Usability in Three Minutes

“Don’t Make Me Think” is a classic book on web usability. This is what I learned from the book, reduced down to a three minute read.

Usability is how well a person of average ability and experience can figure out how to use a website to accomplish something without it being more trouble than it’s worth.

Don’t Make Me Think

When a user looks at a web page, they should be able to get what it is, and how to use it, without expending any effort into thinking about it.

Design for Scanning, not Reading

People don’t read web pages, they scan them.

Users Like Mindless Choices

“It doesn’t matter how many times I have to click, as long as each click is a mindless, unambiguous choice.”

Omit Needless Words

“Get rid of half the words on each page, then get rid of half of what’s left.”

Wording should be concise, and wisely chosen.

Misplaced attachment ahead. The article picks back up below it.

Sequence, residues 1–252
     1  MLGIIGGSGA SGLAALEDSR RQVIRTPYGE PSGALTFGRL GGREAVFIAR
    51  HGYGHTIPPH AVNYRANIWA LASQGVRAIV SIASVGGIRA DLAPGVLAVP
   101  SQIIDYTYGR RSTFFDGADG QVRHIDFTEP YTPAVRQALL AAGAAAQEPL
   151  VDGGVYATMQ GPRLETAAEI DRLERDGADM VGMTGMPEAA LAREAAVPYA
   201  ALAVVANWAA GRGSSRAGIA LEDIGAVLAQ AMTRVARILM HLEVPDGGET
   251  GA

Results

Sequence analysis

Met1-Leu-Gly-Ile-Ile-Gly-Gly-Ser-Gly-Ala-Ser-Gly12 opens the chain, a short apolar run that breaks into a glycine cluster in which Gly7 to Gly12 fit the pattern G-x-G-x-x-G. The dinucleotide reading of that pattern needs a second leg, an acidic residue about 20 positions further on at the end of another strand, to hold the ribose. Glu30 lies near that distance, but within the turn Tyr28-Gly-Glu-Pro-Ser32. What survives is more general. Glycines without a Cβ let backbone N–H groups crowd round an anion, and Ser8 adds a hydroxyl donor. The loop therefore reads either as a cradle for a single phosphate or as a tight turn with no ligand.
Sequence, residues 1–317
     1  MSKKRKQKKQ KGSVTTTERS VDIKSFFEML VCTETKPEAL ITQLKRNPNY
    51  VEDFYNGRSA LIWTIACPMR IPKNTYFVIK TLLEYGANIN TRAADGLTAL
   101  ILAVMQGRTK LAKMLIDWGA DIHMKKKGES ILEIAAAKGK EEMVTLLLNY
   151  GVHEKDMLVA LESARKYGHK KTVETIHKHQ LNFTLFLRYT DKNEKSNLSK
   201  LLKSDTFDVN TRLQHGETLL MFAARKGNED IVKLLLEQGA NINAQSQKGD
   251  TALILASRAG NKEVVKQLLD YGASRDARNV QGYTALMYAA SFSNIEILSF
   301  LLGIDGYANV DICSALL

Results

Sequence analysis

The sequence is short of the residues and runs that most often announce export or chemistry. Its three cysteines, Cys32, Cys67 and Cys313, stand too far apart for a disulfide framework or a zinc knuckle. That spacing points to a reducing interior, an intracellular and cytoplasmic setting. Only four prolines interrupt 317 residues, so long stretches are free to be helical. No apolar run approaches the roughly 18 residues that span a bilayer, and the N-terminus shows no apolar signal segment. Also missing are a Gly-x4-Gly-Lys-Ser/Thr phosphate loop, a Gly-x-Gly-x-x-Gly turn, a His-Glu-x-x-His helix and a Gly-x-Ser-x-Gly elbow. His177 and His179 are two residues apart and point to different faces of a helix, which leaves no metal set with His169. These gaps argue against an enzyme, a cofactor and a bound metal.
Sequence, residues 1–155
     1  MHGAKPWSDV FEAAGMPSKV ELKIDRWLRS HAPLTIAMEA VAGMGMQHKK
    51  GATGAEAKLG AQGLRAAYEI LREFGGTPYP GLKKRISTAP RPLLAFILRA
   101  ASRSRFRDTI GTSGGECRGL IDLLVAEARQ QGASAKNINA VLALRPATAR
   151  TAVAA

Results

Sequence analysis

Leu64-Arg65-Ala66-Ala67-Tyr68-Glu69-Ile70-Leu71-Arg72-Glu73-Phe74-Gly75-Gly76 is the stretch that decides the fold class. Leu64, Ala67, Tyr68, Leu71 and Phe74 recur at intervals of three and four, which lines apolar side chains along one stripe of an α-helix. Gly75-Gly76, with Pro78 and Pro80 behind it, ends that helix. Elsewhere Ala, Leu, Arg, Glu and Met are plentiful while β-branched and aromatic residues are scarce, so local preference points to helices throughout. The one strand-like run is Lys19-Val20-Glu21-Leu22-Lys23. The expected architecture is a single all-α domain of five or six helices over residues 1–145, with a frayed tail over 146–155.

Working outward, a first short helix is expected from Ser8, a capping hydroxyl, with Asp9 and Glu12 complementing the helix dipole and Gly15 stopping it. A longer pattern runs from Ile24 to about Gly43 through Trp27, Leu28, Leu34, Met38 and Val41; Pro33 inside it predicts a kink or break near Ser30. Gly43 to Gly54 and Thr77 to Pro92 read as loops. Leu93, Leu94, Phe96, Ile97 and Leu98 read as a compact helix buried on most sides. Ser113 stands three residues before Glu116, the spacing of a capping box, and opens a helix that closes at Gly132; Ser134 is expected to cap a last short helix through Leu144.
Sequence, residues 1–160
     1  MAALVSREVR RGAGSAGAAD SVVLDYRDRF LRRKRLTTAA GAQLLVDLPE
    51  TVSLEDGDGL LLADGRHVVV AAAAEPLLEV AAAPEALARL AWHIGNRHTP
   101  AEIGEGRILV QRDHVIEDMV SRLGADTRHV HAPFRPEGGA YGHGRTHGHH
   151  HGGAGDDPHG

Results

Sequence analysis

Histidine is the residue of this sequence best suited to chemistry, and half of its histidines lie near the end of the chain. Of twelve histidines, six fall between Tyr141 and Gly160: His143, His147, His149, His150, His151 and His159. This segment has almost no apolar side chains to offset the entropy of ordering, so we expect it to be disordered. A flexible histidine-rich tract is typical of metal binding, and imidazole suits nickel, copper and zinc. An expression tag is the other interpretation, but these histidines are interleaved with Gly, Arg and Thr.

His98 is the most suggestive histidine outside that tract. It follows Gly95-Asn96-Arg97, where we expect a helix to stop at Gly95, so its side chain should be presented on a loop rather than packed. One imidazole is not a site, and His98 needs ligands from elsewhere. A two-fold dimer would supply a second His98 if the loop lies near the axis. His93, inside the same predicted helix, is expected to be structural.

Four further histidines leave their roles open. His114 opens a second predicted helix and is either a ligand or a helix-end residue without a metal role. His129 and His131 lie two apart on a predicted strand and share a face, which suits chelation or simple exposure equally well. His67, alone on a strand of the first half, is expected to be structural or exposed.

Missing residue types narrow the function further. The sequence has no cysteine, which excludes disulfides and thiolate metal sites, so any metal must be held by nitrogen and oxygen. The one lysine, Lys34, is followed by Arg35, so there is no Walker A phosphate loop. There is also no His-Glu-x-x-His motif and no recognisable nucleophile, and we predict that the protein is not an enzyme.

Kill happy talk, introductory text, welcome text, and instructions.

Design Navigation Properly

Good navigation tells the user what’s on the site, and how to use it.

The Home Page Should Spell out the Big Picture

The home page should clearly and quickly answer:

Arguments About Usability Are a Waste of Time

CEOs, programmers, designers, and business people are all are biased as to how they think a page should look. Debates on how the average user would use the site are pointless because the average user is not like us.

Thus, focus groups are ill-suited for optimizing the user’s experience.

The only solution is usability testing.

Keep Usability Testing Simple

A usability test is watching one person try to use something or doing typical tasks so you can detect and fix the things that confuse and frustrate them.

A test session consists of:

Most common problems are:

Focus ruthlessly on fixing the most serious problems first.

Mobile Design

Responsive design is hard to do well.

User’s Goodwill Reservoir

The user’s reservoir of goodwill lasts only so long before they leave.

Make the main things that people want to do on your site obvious and easy, lest you piss them off and deplete their reservoir.


Test your site out with a screen reader to see how usable it is.

Sell Usability at Work

Screw ROI & sales language, instead, get your boss and stakeholders to watch a live usability test.

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